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Archive for August, 2015

Khalil_Gibran

Your children are not your children.
They are the sons and daughters of Life’s longing for itself.
They come through you but not from you,
And though they are with you, yet they belong not to you.

You may give them your love but not your thoughts.
For they have their own thoughts.
You may house their bodies but not their souls,
For their souls dwell in the house of tomorrow,
which you cannot visit, not even in your dreams.
You may strive to be like them, but seek not to make them like you.
For life goes not backward nor tarries with yesterday.

You are the bows from which your children as living arrows are sent forth.
The archer sees the mark upon the path of the infinite,
and He bends you with His might that His arrows may go swift and far.
Let your bending in the archer’s hand be for gladness;
For even as He loves the arrow that flies,
so He loves also the bow that is stable.

(Khalil Gibran)

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Here is an inspiring narrative covering the Milk Revolution of India. When innovation meets conviction and guts, the society benefits.

In case you wish to read a brief on Amul, here is yet another utterly butterly delicious post that you may like:

http://life11.org/2015/05/08/amul-indias-beloved-brand.

Enjoy!

A Writer's Notebook.

Amul has instant recall in our minds – images of the cute Amul moppet girl, their priceless topical ads, Amul butter, Amul milk, Taste of India, all come instantly to our notice. We don’t quite realize the story within which would have images of – Dr. Verghese Kurien, White Revolution, Operation Flood, NDDB, GCMMF, milk co-operative movement, milk movie Manthan, etc.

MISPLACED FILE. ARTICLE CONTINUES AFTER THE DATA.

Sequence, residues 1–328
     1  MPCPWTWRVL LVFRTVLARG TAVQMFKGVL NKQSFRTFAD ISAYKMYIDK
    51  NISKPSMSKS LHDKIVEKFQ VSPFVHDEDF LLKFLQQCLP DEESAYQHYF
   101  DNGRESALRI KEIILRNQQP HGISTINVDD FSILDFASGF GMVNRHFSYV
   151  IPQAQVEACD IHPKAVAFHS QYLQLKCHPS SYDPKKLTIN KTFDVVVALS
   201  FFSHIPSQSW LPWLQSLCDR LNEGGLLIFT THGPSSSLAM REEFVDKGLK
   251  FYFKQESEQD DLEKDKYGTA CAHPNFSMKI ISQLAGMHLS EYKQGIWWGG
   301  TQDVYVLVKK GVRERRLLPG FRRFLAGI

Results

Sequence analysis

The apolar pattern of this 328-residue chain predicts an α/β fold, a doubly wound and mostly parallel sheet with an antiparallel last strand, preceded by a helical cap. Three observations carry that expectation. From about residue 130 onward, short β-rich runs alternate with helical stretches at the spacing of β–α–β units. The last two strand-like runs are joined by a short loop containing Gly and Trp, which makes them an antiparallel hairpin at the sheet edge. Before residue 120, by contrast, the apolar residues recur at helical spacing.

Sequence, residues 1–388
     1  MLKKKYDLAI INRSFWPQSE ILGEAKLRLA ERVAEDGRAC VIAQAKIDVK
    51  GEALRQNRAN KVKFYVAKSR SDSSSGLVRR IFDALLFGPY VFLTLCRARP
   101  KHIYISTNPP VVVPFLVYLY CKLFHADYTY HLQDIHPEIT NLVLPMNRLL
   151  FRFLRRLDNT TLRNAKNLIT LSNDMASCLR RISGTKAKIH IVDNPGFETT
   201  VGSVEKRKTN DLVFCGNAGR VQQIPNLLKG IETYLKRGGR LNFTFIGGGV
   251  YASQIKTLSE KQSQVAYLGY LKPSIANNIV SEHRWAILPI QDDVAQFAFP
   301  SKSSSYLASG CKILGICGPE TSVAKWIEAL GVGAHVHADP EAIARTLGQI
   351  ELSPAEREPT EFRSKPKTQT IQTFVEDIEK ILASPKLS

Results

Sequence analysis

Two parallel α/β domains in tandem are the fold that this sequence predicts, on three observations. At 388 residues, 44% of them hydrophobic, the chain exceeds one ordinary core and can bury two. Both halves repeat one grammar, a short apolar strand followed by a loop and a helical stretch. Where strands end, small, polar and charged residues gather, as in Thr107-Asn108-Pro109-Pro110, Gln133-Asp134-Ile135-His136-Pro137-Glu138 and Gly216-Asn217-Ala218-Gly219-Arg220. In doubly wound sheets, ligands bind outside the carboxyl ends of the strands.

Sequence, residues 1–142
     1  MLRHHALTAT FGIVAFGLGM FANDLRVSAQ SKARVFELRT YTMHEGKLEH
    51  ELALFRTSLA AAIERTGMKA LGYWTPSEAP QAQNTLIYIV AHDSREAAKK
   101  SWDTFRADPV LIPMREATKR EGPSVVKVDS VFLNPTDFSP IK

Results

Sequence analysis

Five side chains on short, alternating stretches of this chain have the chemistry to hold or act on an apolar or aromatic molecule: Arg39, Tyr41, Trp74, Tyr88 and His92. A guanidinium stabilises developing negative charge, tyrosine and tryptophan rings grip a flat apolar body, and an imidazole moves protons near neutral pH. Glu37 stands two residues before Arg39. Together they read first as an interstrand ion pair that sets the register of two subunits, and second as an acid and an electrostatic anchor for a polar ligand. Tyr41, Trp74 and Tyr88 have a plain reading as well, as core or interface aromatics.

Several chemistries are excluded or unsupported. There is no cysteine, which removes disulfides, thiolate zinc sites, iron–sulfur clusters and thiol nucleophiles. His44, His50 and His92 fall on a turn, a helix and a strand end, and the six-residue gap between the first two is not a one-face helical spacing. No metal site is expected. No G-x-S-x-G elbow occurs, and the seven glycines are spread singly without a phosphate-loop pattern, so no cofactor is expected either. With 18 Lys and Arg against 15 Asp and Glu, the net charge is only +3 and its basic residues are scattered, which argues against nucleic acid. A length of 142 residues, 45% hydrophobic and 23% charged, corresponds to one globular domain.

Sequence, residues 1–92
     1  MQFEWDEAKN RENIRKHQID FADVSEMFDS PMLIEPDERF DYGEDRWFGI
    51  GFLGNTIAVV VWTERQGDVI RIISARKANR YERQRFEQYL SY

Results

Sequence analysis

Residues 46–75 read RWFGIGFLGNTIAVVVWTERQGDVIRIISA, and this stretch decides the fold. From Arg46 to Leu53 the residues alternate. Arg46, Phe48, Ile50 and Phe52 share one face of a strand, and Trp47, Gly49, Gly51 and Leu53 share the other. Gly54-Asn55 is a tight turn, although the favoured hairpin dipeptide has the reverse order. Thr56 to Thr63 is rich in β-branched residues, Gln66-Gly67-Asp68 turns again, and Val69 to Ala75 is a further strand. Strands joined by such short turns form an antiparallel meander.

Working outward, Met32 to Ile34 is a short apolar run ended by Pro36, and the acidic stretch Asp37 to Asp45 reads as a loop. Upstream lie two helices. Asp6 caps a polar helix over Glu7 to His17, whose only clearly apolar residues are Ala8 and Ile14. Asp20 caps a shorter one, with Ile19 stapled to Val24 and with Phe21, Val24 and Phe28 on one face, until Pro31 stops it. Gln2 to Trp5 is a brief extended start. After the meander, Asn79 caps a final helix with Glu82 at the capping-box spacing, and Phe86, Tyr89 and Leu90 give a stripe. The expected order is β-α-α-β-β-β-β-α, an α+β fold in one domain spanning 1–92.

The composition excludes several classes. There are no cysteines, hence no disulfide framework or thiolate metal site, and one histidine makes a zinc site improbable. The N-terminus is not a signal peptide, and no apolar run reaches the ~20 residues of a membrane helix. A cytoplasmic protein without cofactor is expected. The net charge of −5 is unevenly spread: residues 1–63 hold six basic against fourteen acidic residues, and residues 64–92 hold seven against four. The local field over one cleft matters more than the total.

The book (I too had a dream) is less of an autobiography – fleeting personal details are mentioned – but it is a great narrative of India’s milk revolution. From a country struggling with milk production and per capita consumption, a great journey has been covered wherein we are now the second largest milk producers in the world and have significantly improved on consumption per capita as well.

Dr. Kurien has set the narrative but it has been scribed by Ms. Gouri Salvi. It provides great insight into India’s…

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When members of the next generation of a family, born in First World countries like Norway and Switzerland, visit their roots in a Third World country like India, the poor souls are left clueless at times. Often, much hilarity ensues, as they try to cope with the realities of day-to-day life in such a delightful country as ours.

The best countries to be born in

Some time back, The Economic Intelligence Unit had compiled an index onEU Flag image the best places to be born in 2013. As many as 80 countries had been ranked on a scale of 0 to 10, with 10 standing for ideal living conditions. The rank took into account 11 indicators, like crime, trust in public institutions, health infrastructure, family life, besides fixed factors such as geography.

As per this reckoning, Switzerland was at the top, scoring 8.22. Norway was ranked number 3, scoring 8.09. Amongst the top 10 were not only Sweden (rank 4, score 8.02), Denmark (rank 5, score 8.01) and Netherlands (rank 8, score 7.94), but also Australia (rank 2, score 8.12), Singapore (rank 6, score 8.00), New Zealand (rank 7, score 7.95), Canada (rank 9, score 7.81) and Hong Kong (rank 10, score 7.80). Incidentally, India was then ranked 66, with a score of 5.67.

Hard core patriots in India may derive some comfort from the fact that Russia was ranked at 72 (score 5.54), Pakistan at 75 (score 5.17) and Bangladesh at 77 (score 5.07).

The side effects of a visit to India

What do such kids discover when they visit their roots in India?

First off, there are objects which invite wonderment.

A ceiling fan sounds like an alien object. A manually driven rickshaw is looked The horse carriages I saw in the museum were larger, grander version of this cycle rickshaw.at with unmasked curiosity. An auto rickshaw evokes a sense of novelty. A horse-driven Tonga comes in for ardent admiration. A bullock-cart gets viewed with wide-eyed wonder.

Insects and reptiles like cockroaches, lizards, ants, spiders, snails and worms of all sizes and shapes come in for close scrutiny. So do creatures of all kinds, whether bovine or porcine, especially when found exercising their democratic rights on Indian roads. Flying objects – whether unidentifiable or otherwise – get looked up to with a sense of awe and respect. Squirrels and chameleons generate much merriment.

A splash in the tropical rains uplifts the tender souls. Jumps into puddles on

Lakshmi

Lakshmi